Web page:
Advertisement
YOU ARE HERE: LAT HomeCollections

BRIEF ENCOUNTER

The Z-Boy zeitgeist

Emile Hirsch takes on the rebel skateboarder life in 'Lords of Dogtown.'

June 12, 2005|Alex Chun

Loose cannon, reckless renegade, skateboarding savant. These are all apt descriptions for Jay Adams, one of the prominent members of the Zephyr skateboarding team (the Z-Boys) featured in the coming-of-age flick "Lords of Dogtown." Charged with channeling the eccentric and self-destructive Adams is Emile Hirsch, who starred in last year's romantic comedy "The Girl Next Door" and who played a rebel of another sort in "The Emperor's Club" with Kevin Kline.

To prepare for the role, Hirsch, 20, flew to Hawaii and hung out with the recently married Adams who, after spending time in jail for assault and drug-related charges, is putting his life back together and continues to surf and skateboard. Hirsch also drew on his experience as a Southern California street skater but admits that the transition to skateboarding the vertical walls of a pool was challenging and painful.

You lived in Venice as a child and grew up in Hollywood. The Z-Boys are Southern California legends, but they're almost a quarter-century before your time. Were you familiar with Stacy Peralta, Tony Alva and Jay Adams before you landed the role?

I had seen the documentary about a year earlier, and because of that I was familiar with them. The documentary left a strong impression on me, but before that I had no idea who they were. Even though I grew up skateboarding, I was always into the current skaters of the time. That's one of the reasons the movie is kind of cool -- it gives the kids a chance to learn about the past great skaters, and how those skaters changed skating so that future generations had to do it in a different way.

For The Record
Los Angeles Times Friday June 17, 2005 Home Edition Main News Part A Page 2 1 inches; 34 words Type of Material: Correction
Emile Hirsch -- The Brief Encounter column in Sunday's Calendar section about stunts in the skateboarding movie "Lords of Dogtown" referred to Bicknell Hill as being in Venice. Bicknell Hill is in Santa Monica.
For The Record
Los Angeles Times Sunday June 26, 2005 Home Edition Sunday Calendar Part E Page 2 Calendar Desk 0 inches; 32 words Type of Material: Correction
Emile Hirsch -- The Brief Encounter column June 12 about the stunts in the skateboarding movie "Lords of Dogtown" referred to Bicknell Hill as being in Venice. It is in Santa Monica.

*

For the skateboarding scenes, who was your double, and what's the most demanding trick you pulled off on your own?

My double was this guy named Griffin Collins, who really kicked major butt, but then he broke his ankle near the end and two other guys had to come in and finish up.

I think the hardest trick that I did was bombing Bicknell Hill [in Venice]. It's not hard in itself, but it was kind of scary because there was a camera car right in front of me. It's kind of a mental barrier -- if the car brakes, I'm going to slam into it. At the same time, it was a lot of fun. I also did it shirtless, so if I had fallen, I would've scraped off my nipples.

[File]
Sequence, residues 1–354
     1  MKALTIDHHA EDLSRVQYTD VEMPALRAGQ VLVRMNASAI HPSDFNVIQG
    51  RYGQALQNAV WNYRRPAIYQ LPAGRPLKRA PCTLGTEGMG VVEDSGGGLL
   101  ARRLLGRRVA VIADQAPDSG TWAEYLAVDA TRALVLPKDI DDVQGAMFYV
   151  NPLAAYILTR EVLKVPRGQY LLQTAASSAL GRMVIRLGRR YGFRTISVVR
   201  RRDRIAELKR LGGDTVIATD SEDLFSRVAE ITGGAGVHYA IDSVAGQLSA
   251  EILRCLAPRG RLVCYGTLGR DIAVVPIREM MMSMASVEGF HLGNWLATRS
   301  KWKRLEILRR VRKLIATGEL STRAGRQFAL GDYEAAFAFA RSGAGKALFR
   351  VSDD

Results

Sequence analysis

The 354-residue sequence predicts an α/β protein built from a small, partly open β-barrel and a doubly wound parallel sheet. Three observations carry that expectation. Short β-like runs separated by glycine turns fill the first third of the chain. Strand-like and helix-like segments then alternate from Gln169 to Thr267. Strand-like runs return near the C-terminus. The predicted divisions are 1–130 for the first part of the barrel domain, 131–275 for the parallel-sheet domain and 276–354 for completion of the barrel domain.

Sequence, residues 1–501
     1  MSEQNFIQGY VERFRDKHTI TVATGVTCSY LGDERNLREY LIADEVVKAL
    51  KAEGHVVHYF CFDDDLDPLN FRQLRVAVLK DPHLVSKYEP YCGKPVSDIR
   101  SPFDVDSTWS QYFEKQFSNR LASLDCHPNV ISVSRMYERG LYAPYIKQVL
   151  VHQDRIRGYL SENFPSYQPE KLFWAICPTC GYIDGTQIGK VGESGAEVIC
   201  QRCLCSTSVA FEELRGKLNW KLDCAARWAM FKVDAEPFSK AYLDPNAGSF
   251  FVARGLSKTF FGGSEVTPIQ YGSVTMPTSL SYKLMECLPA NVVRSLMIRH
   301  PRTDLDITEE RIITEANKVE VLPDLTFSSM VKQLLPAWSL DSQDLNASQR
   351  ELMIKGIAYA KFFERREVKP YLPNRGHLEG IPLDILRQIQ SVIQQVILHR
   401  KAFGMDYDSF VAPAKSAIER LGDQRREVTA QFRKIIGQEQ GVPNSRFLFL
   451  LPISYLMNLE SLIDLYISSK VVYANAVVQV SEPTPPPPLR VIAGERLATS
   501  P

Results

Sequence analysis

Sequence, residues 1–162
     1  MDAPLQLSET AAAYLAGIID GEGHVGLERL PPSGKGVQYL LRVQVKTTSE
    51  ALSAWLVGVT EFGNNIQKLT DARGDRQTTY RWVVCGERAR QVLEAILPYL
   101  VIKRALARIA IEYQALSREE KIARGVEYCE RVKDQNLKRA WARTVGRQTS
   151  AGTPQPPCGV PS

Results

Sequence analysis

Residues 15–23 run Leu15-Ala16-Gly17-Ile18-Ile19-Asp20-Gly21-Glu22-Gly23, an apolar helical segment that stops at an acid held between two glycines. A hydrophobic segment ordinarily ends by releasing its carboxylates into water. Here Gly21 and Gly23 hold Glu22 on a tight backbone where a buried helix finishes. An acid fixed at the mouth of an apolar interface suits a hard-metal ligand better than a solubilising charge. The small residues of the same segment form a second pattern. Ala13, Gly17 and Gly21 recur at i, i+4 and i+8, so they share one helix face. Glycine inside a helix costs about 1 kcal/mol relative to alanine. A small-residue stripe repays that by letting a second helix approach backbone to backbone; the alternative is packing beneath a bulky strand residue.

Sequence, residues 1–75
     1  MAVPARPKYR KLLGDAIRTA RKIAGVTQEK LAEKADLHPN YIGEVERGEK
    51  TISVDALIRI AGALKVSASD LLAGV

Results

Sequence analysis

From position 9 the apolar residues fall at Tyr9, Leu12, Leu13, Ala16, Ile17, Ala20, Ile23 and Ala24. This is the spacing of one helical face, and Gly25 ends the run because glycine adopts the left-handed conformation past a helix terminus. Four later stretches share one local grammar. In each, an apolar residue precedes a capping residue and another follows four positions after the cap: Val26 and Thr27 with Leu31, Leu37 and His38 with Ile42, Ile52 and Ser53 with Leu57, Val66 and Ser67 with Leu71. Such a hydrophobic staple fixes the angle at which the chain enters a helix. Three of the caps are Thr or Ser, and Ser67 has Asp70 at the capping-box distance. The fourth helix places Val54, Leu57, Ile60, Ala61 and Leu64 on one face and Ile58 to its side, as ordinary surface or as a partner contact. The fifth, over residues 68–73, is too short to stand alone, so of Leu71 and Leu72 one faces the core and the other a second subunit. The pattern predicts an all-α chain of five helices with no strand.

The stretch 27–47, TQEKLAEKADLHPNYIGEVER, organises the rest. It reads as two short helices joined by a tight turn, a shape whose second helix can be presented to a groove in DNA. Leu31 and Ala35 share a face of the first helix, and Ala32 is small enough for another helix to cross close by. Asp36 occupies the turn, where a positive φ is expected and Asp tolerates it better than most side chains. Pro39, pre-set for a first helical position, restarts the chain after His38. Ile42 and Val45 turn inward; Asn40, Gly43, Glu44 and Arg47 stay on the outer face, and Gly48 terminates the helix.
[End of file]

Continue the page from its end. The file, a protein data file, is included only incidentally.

*

Were you able to leave the pool unscathed?

By unscathed, do you mean did I break anything? No. Did I fall really hard and hit my knee, bang my wrist and fall on my elbows? Yeah. We all fell. I don't think anybody made it out of the pool unscathed. That was the crazy thing. At the end of the day, I knew I would leave with some sort of gnarly bruise. It was just a question of when in the day I was going to get it.

*

What went through your mind as you watched guys like Alva and the other skateboard doubles?

I would cringe. You see dudes grinding, coping at the top of the deep end of the pool, and it goes fine. Occasionally, however, somebody's trucks will get stuck at the top, and they'll fly headfirst into the bottom of the pool and get slammed. I can handle a lot of stuff usually, but I had to look away at times because it was just too hard-core.

*

Adams is arguably the most naturally talented and complex of the Z-Boys. Did meeting him help you define the role?

When I went to hang out with him in Hawaii I realized right away, "OK, don't ask any questions, just let him talk because he isn't going to tell you anything if he doesn't want to. He's no joke." At the same time, once I met him, I became so involved in who he was. I had a lot of ideas about the character, but they all seemed not so great once I met him.

After I met him, everything about it [his inability to capitalize on his skill and popularity] made perfect sense. Before that, I was like, "If he was so talented, why didn't he just make money? How come he couldn't function? Why couldn't he just do it?" And then you meet the real guy, and it's like, "OK, I got it." He's kind of uncontrollable in a lot of ways.

*

In the movie, Adams transforms from a surfer into a hard-core punker. For you, that meant shearing your shoulder-length surfer-boy locks and sporting a zipper tattoo down the middle of your skull.

I kind of didn't want to lose the hair. I had grown to love the hair. I was proud of the hair. The hair did me well with the ladies. I had a gnarly panic attack a couple days before I had to shave it, and I was like, "Oh, my God, I'm not going to get any attention from the ladies this summer."

-- Alex Chun

Advertisement
Los Angeles Times Articles
|
|
|